Posted (Updated ) in Linux, PHP

I’ve been seeing up an Amazon EC-2 server with Debian Squeeze and used tasksel to install Web Server and Mail Server. Like all things debian, this worked pretty well after the installation completed and everything ‘just worked’ however I wasn’t happy with the default from name and email address assigned to emails sent by PHP – www-data <www-data@my.domain.com>.

I discovered a quick and simple fix to change these defaults for all mail sent with PHP:

Open /etc/php5/apache2/php.ini and set

sendmail_path = '/usr/sbin/sendmail -t -i -fno-reply@my.domain.com -Fno-reply'

You can see a list of sendmail arguments and what they do here.

Restart apache and you’re good to go:

sudo service apache2 restart

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Posted in Linux, PHP

I’ve been looking for ways to speed up my site recently and came across this interesting article on seamlessly integrating nginx with Apache to handle asset files without requiring a CDN subdomain. This works by checking the requests file extension for .js, .jpg, .pdf etc and if not found, proxies the request to Apache and serves the results.

Benefits

You won’t need to modify all your pages/posts updating asset locations to point to a subdomain! Everything will ‘just work’.

Issues/Drawbacks

There are 2 issues I’ve found with this setup:

  • Because Apache is now running on port 8080, your mod_rewrite redirects will now redirect to that port. You won’t be able to use RedirectMatch anymore, however below is the solution I came up with:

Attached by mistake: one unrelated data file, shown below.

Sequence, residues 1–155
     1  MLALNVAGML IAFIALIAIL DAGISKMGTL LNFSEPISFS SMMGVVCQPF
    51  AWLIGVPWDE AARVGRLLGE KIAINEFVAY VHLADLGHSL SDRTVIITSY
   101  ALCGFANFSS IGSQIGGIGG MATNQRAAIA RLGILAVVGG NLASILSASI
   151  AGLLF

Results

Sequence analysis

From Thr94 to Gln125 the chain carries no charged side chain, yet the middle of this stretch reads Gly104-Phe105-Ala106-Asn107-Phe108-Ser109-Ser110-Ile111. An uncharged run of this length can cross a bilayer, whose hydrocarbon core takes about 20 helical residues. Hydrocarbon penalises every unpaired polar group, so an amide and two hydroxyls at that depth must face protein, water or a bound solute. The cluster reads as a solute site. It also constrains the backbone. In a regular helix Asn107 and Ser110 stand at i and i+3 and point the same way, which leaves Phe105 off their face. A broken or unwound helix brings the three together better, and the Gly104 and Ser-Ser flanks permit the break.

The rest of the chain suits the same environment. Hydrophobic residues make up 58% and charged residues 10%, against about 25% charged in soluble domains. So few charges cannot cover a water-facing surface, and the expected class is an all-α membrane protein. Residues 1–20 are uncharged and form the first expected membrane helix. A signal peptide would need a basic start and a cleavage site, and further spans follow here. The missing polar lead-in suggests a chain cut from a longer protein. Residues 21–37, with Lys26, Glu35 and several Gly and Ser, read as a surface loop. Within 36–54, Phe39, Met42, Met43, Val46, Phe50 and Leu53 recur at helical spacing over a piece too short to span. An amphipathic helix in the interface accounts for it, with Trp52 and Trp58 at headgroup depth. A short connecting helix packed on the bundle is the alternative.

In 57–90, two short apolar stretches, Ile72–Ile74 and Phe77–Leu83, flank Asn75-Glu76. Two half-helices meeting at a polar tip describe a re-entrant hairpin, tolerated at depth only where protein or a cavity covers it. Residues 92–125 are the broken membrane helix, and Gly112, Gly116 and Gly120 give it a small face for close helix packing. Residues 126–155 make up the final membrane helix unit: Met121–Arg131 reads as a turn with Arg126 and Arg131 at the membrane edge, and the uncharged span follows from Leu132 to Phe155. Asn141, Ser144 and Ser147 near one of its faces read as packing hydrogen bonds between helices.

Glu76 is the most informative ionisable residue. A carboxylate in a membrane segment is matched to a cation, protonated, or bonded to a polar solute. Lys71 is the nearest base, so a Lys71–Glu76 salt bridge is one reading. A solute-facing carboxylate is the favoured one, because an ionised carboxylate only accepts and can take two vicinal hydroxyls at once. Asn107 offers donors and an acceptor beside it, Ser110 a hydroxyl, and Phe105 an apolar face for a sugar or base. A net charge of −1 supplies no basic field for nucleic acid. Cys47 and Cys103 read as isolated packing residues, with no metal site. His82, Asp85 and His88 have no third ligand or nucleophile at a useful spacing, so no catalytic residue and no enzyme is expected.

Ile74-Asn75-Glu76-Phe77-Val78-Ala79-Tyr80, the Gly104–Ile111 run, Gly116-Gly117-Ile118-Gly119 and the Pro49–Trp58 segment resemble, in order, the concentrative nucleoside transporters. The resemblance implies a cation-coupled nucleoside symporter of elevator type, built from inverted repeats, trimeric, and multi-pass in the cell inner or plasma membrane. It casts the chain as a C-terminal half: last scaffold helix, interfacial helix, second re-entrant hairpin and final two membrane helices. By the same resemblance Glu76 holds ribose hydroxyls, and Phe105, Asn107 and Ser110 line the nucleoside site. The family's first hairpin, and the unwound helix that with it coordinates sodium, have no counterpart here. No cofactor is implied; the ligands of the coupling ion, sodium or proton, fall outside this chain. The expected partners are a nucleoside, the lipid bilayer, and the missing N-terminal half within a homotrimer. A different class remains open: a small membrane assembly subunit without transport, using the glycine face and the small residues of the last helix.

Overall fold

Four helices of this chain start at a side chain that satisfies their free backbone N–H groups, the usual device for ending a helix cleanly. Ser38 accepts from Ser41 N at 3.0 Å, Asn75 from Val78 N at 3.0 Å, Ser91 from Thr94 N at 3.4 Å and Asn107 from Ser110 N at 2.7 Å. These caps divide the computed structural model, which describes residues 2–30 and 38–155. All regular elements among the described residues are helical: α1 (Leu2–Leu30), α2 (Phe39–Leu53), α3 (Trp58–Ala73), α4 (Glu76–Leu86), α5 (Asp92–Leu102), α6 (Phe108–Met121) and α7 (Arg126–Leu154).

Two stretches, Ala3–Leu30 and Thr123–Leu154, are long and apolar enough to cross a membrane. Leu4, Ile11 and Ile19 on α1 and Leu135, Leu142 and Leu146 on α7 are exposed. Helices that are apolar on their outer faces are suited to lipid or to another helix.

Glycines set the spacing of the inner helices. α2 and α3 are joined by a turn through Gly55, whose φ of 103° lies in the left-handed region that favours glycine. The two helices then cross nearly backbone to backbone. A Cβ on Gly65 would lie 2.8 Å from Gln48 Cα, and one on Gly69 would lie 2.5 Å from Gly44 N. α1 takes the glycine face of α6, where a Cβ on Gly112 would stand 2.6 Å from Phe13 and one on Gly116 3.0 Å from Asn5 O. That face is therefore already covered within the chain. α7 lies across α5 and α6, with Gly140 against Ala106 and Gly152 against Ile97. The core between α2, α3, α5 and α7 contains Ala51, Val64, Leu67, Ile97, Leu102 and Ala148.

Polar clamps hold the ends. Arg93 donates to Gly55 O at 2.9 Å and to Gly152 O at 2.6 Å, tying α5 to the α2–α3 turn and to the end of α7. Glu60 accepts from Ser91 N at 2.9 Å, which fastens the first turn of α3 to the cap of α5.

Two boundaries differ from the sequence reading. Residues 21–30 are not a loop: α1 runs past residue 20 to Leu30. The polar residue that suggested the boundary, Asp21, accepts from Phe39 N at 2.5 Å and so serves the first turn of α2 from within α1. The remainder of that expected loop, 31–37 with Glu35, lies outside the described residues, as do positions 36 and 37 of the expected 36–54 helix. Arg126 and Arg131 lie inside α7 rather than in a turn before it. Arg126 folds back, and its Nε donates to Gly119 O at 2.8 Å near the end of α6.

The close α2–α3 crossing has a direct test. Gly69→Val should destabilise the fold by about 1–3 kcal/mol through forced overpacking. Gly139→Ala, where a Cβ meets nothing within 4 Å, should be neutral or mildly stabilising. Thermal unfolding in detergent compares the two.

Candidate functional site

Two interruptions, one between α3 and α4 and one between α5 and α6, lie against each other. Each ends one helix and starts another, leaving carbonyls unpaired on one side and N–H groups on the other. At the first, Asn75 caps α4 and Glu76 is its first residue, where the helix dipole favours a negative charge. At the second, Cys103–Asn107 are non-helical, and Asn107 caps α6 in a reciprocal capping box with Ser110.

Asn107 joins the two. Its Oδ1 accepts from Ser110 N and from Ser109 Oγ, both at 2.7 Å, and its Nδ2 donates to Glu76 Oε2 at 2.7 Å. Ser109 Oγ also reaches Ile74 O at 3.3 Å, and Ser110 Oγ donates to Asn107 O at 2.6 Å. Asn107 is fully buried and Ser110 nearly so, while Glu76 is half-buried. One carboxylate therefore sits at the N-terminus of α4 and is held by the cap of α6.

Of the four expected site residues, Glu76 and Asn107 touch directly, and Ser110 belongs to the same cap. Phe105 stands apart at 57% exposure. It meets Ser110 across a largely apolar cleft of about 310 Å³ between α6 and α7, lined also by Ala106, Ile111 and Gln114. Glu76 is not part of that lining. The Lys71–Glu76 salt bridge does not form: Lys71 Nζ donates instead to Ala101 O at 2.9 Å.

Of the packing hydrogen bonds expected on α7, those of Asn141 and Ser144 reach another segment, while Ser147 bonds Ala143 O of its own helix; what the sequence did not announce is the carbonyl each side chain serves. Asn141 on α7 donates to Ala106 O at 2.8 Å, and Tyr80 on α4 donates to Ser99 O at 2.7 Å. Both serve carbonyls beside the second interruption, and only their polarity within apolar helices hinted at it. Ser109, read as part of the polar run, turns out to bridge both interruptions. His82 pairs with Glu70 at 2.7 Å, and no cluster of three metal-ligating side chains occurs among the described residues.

RewriteEngine on
    RewriteRule ^foo\.php$ http://%{HTTP_HOST}:80/bar.php [R=301,L]
  • You can no longer use .htaccess redirects for any asset files nginx is serving. Instead, use nginx redirects. Below is an example:
    rewrite ^\/foo\.jpg$ http://173.255.221.210/bar.jpg permanent;

    For more information on nginx redirects, see the official documentation.

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Posted (Updated ) in Javascript, PHP

Even though it hasn’t worked for quite some time now, my previous PHP WebSocket chat application has garnered quite a bit of attention and is still one of my most heavily trafficked posts. As a result I thought I’d provide you all with a working script as of Feb 15, 2012. Also, because I’m your typical lazy developer, I’ll be building on top of other peoples’ work – most notably PHPWebSocket.

You can download the final script here. According to the Wikipedia article on WebSockets, it should work in IE10+, Firefox 7+ and Chrome 14+. Personally I tested with Chrome 17.0.963.46 and Firefox 10.0.1.

I want to stress that this tutorial is designed to be extremely basic and as such does not give alot of functionality out of the box (but provides all the tools required to add more). It’s simply a working example of a PHP-based WebSocket server.

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Posted (Updated ) in PHP

Last night I was getting a strange error in LemonStand administration area when attempting to edit a product or category:

Fatal error: Maximum function nesting level of ‘100’ reached, aborting! in /path/to/phproad/modules/phpr/helpers/phpr_inflector.php on line 322